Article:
Curt Schilling’s 38 Studios, which released its first game to generally positive reviews earlier this year, closed its doors Thursday, laying off its entire staff.
Despite having received a $75 million loan guarantee from Rhode Island, the company failed to stay afloat while trying to develop a large-scale MMO called Copernicus. This despite the fact that the game it released this February, Kingdoms of Amalur: Reckoning, sold 1.2 million copies in its first 90 days, according to Schilling.
38 Studios’ future had been uncertain after it missed a scheduled payment to Rhode Island earlier this month. It was later reported that in trying to make a late payment of $1.1 million, the company gave the state a bad check.
Schilling, an avid gamer even during his years in the majors, was hoping Copernicus would make a dent in the lucrative MMO market largely ruled by World of Warcraft. It was to be the first game developed by 38 Studios. Reckoning was developed by Big Huge Games, a company bought by 38 Studios in 2010.
The weather in Cleveland is not that great at the moment. It’s cold, windy, there’s drizzle and the chance for heavier rain increases as the night wears on. At the moment Game 2 of the World Series is still scheduled to kick off at 7:08PM Eastern Time, however. So bundle up.
And maybe hunker down. Because this game is going to go nine innings no matter what. Maybe not tonight, but eventually.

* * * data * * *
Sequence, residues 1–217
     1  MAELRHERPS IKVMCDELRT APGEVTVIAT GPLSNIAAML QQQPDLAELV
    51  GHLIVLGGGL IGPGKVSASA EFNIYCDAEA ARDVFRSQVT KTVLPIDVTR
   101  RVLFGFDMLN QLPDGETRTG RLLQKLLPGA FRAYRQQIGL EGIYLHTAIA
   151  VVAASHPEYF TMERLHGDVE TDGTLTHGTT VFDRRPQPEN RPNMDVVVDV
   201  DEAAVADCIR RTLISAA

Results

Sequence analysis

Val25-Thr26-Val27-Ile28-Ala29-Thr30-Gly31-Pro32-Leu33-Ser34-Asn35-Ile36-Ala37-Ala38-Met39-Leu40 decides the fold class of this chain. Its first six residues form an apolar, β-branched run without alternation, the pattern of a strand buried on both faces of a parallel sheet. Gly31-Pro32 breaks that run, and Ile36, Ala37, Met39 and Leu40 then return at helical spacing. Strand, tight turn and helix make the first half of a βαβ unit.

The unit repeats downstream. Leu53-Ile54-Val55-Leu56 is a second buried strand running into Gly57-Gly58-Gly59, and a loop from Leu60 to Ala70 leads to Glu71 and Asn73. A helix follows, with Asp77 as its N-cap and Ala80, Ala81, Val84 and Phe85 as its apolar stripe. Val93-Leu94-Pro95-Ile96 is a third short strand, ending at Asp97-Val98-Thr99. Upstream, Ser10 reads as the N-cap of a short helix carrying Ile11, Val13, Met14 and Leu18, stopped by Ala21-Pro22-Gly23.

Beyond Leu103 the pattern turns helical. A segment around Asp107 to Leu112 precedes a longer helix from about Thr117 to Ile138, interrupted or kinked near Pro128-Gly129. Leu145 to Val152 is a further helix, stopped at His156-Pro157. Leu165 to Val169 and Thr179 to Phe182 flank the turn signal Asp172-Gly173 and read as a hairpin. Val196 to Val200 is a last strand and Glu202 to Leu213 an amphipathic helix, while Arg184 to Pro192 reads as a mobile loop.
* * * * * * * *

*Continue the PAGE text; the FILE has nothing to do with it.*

That’s because, you may recall, ever since that rainy, snowy mix forced the suspension in the sixth inning of Game 5 of the 2008 World Series between the Phillies and the Marlins, Major League Baseball has held that all playoff games will be played in their entirety. There will be no six-inning, rain-shortened affairs.
The last word from MLB was that they would reassess the weather just before starting pitchers began to warm up this evening. If things still look about the same then, the game will proceed as scheduled. If the weather takes a turn for the worse, they’ll suspend the game and pick it up where it leaves off tomorrow.
A man named Ken Kostal of Marblehead, Ohio was just trying to get home from Los Angeles yesterday morning. He looked over and saw former Indians great Kenny Lofton in the boarding area, trying to fly standby to Cleveland. Why was Lofton trying to get to Cleveland? To throw out the first pitch in last night’s Game 1 of the World Series, of course.
Kostal gave up his seat to Lofton and Lofton made it to Cleveland in time. But don’t weep for Kostal. He got more than a ticket on the next flight and some federally-mandated bonus cash. The Indians just announced that they are giving Kostal tickets for Game 6, if necessary. In addition, United Airlines is giving Kostal 62,200 miles for his use on a future flight. Why 62,200? Because Lofton had 622 career stolen bases.
That’s pretty dang sweet. And now Kostal is probably rooting for the Tribe to drop a couple of games so he can go to the World Series on the house.